Monday, September 21, 2009

'Spies' find their way into China's big screen

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Perhaps the only thing that's not mysterious about spies is that they are becoming increasingly popular with China's film and TV viewers.

And the reason for that is, well, that spies are mysterious.

This autumn, The Message (Feng Sheng) will join the growing list of flicks about the shadowy lives of secret agents.

Set during China's War of Resistance Against Japanese Aggression (1937-45), it stars seven A-listers, including Zhou Xun and Li Bingbing. The movie will also feature Li's first nude scene.

Oscar-winning designer of Crouching Tiger, Hidden Dragon (Wohu Canglong) Tim Yip handmade the entire wardrobe. The set - two villas perched on a seaside cliff -features vintage furniture and ornaments collected from all over the country. The antique sofas, lights, tableware and LPs cost more than 4 million yuan ($580,000).

The storyline is loosely adapted from a novel by Mai Jia. Following the assassination of an official of the Japanese-controlled puppet government, the Japanese chief imprisons five suspects to flush out the planted agent.

One reason for spy thrillers' growing popularity is the strict set of restrictions the State Administration of Radio, Film and TV (SARFT) placed on the broadcasting time and content of crime TV series in 2004.

"Viewers aren't happy about the lack of crime shows, which are packed with drama and suspense, so some directors try spy stories," Jiang Wei, writer and director of smash spy TV series Lurk (Qian Fu), was quoted as saying.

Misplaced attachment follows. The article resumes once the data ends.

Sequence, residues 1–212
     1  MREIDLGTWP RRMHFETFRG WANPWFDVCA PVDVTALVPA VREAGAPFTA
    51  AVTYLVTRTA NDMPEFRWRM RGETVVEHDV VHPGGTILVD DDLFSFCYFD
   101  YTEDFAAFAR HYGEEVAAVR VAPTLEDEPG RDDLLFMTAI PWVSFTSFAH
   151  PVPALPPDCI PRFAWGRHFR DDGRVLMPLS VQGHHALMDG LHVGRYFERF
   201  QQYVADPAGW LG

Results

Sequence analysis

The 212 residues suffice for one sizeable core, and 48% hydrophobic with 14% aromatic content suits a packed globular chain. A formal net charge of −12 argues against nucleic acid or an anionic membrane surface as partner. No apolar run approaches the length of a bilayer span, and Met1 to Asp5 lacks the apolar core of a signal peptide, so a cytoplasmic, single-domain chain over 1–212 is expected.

And spy flicks are cheaper to make than war films or TV series but still captivate audiences because of their dramatic plots, says Tan Fei, entertainment industry veteran and culture critic.

In 2006, the TV adaptation of Mai's best-selling novel Plot Against (An Suan) became a small-screen darling. The actors who played main roles became celebrities overnight.

A flurry of similar shows followed, the most popular of which was Lurk, which started airing this year.

Viewers were hooked to its vivid depiction of a Communist spy infiltrating the Nationalist ranks in the 1940s. Some even came to take the plotline as a guidebook to office politics.

And Ang Lee's 2007 film Lust, Caution (Se Jie) about an ordinary girl who gets caught up in the cloak-and-dagger world made an even bigger stir. While much of the hullabaloo was about the steamy sex scene, the dramatic storyline also captivated viewers.

"People like spy thrillers because they have few opportunities to know much about spies' lives and work," Tan adds. "These shows satisfy their curiosity."

And curiosity is the driving force for The Message, which is co-directed by Chen Kuo-fu from Taiwan and Gao Qunshu from the mainland.

Chen, who also wrote the screenplay, is a dynamo when it comes to creating suspense.

His last directorial work, Double Vision (Shuang Tong), was one of the most successful thrillers in Taiwan. Gao, who rose to fame after a TV series about 13 murder cases, also has a knack for keeping audiences on the edges of their seats.